ffwd: veal chop with rosemary butter

Veal Chop

(Warning: If you don’t like to think too much about where your food comes from, skip the first few paragraphs of my post.)

It’s been more than a decade since I last ate veal. I stopped when I learned how cruelly calves are treated in anticipation of turning them into veal. I won’t judge you if you eat veal because everyone’s food choices are personal, but I decided veal wasn’t for me.

It’s only in the past few years that I have come to the realization that in order for animals to give milk, they must have babies first. Female babies have value in growing a dairy herd. Male babies, not so much. This is why lamb and veal have made it into our food system. With veal, conventional practice has been to crate the calves to prohibit exercise and normal muscle development in any effort to create a highly tender and white meat. This is what caused me to drop veal from my diet.

(As an aside, while goat is the most popular meat globally, it hasn’t made inroads in the American diet. That means that male baby goats, bucklings, have it particularly hard. Check out this cool effort to create a market for the bucklings from several goat dairy farms in the Northeast.)

(If you were skipping ahead, I think it’s safe to start reading here.)

At a winter Farmer’s Market, I was talking to a local cheese maker while sampling her wares. When I noticed a sign on the table advertising veal for sale, I shifted the conversation in that direction. At Lawton’s Family Farm, the excess calves are raised in fields alongside the other grass-fed cows raised for beef. This is also known as “rose veal” because the color is pink, a natural result of the exercise and muscle use from gamboling in the fields. This was veal I was open to trying. I bought the last chop, stashed it in the freezer, and forgot about it.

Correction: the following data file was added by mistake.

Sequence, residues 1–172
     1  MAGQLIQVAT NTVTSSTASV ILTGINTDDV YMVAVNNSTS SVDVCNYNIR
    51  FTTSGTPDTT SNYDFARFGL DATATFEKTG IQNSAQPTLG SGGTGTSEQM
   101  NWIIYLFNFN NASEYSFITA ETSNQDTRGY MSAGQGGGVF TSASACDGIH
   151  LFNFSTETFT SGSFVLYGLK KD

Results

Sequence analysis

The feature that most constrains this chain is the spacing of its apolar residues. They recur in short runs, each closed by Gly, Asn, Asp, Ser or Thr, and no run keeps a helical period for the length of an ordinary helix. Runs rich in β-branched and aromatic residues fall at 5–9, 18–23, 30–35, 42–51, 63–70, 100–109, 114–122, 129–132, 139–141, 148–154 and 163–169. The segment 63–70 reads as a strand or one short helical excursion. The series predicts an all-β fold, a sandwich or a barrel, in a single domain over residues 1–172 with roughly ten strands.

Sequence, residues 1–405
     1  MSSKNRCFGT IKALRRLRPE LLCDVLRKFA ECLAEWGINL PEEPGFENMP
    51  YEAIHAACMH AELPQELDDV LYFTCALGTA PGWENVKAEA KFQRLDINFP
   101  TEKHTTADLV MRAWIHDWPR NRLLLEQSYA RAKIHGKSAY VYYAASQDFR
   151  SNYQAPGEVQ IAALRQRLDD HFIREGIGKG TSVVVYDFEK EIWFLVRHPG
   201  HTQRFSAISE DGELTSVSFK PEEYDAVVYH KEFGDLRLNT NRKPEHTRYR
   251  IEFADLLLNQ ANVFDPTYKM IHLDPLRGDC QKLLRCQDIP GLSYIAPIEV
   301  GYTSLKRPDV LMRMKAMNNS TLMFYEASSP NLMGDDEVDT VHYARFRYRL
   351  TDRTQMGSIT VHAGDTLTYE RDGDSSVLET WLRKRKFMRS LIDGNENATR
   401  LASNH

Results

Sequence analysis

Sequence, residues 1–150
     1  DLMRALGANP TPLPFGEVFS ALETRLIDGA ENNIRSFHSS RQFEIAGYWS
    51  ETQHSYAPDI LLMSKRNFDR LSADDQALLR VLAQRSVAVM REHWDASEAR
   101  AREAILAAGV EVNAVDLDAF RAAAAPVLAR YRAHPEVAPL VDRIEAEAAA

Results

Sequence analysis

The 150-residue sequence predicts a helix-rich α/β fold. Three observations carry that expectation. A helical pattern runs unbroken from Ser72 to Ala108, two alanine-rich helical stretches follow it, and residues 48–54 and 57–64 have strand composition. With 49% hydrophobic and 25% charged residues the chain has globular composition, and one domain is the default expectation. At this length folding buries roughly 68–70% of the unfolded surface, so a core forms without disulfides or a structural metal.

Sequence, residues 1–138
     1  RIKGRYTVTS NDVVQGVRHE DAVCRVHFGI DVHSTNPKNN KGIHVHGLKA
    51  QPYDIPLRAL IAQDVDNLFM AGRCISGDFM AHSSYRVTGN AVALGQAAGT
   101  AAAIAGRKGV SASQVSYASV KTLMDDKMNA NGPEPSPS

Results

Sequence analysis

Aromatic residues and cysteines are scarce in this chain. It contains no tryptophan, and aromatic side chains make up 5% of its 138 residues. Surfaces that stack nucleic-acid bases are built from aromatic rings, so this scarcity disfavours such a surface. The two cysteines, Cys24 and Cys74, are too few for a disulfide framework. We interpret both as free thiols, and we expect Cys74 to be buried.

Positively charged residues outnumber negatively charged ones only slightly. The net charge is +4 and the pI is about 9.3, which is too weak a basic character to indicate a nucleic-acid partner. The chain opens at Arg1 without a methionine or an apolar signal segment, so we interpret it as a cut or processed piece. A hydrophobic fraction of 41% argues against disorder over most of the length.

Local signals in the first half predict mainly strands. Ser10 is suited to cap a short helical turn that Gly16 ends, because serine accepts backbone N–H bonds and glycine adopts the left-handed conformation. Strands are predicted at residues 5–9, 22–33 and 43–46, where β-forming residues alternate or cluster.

When I saw this week’s recipe for French Fridays with Dorie would be Veal Chops with Rosemary Butter, I remember the lone chop in the freezer. Rather than substituting another kind of meat, I gave it a try.

I only make compound butters sporadically, when a recipe calls for a specific blend. I don’t know why they aren’t part of my regular pantry. I made half the recipe because I knew I was cooking just one chop. Fresh rosemary and thyme (for my garden!) were mixed into softened butter before adding a pinch of salt. I used Maldon salt and the flakes gave it a great texture when I tasted it straight.

The chop is rubbed with olive oil, rosemary, thyme, salt and pepper. The chop should be seasoned for at least an hour, and up to a day, ahead. I didn’t read the recipe carefully before I set out to make dinner, so 15 minutes is all it got.